BERNALILLO — Leaders of Rio Rancho area local governments are pushing to maintain their own elections and get state money for local projects during the upcoming legislative session.

Mayors Gregg Hull of Rio Rancho, Jack Torres of Bernalillo and Jo Anne Roake of Corrales, and Sandoval County Manager Wayne Johnson spoke about their legislative priorities Tuesday morning during the Sandoval Economic Alliance breakfast. It was in-person at the county administration building as well live-streamed.


Sandoval County

When it comes to brick-and-mortar projects, Johnson said extending Paseo del Volcan to I-40 is the county’s first priority.

Wayne Johnson

“We see PdV as being one of the keys to economic development and growth on the west side of the river,” he said.

The county is also prioritizing a more permanent animal shelter, which Johnson hopes will have an emergency veterinary clinic.

Thirdly, Sandoval County is asking for state money to add to funds it already has for a new public-safety complex.

“We’ve been chasing the rabbit, if you will, on the construction costs of this building for two, probably three years,” he said.

County leaders also want to remodel the 13th Judicial District Court building to have more courtrooms. To accommodate growth in cases for the next 15 years, Johnson hopes to have the sheriff’s office move from the district courthouse to the proposed public safety complex, remodel the vacated space and have the Sandoval County Magistrate Court move into the district court building.

Finally, Johnson and the county commission want to remodel the administration building to turn the third-floor commission chambers into offices and have the chambers moved to a new building beside the current administration building for convenience, security and expanded office space.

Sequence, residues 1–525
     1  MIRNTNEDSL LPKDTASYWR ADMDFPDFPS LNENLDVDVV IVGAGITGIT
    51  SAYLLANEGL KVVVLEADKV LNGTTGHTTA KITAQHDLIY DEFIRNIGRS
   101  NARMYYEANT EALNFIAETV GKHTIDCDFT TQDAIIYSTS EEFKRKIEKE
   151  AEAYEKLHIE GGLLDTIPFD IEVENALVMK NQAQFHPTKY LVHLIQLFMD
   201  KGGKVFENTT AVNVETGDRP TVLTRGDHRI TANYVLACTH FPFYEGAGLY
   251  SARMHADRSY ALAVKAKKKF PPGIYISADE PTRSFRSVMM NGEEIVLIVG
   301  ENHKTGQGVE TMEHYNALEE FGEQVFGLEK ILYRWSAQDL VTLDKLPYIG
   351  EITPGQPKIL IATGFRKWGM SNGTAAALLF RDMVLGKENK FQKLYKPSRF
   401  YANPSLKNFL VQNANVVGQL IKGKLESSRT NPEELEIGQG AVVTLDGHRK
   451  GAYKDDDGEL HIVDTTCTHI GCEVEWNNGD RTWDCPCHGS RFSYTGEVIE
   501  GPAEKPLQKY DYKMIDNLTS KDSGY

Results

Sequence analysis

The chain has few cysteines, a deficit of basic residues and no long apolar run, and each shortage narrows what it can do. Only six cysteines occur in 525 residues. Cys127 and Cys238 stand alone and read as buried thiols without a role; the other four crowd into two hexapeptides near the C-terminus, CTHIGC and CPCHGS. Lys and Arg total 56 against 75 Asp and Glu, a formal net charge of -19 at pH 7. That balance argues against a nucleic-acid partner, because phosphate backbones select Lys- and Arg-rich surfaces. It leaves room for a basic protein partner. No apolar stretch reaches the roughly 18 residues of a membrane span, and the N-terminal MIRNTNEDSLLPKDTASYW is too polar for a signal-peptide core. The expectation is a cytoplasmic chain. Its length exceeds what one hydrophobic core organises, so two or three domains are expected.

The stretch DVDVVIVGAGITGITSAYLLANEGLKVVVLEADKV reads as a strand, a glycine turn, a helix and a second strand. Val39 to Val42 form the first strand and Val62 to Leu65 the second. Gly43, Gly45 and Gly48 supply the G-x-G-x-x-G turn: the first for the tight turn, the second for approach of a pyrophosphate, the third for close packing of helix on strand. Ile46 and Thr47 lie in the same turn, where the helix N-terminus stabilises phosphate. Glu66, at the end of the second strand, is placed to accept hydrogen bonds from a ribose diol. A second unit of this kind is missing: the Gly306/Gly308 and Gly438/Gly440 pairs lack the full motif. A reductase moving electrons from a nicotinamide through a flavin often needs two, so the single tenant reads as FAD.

Rio Rancho

Hull highlighted a long list of project funding requests.

Gregg Hull

“The state said they have a silly amount of cash, so we’re going to ask for a silly amount of money, right?” he said.

Among those “asks” are $1.8 million for the next phase of Campus Park, $1.3 million for the next phase of Broadmoor Senior Center and multiple requests for public-safety vehicles. City leaders are also hoping for $350,000 to rehabilitate Sabana Grande Recreation Center.

“That’s a highly used facility, one of our original buildings, and it really needs some attention at this point,” Hull said.

He said the city opposes any legislation that would diminish home-rule authority, including its ability to manage its own elections. He said he had concerns that mingling municipal issues with those of other jurisdictions on a ballot would cause confusion.

“I get a little bit of angst when we want to hand off non-partisan elections to a partisan elected official that would oversee that,” Hull added. “We’ve done really well with our elections over the past 40 years, so we’d like to make sure we continue with that.”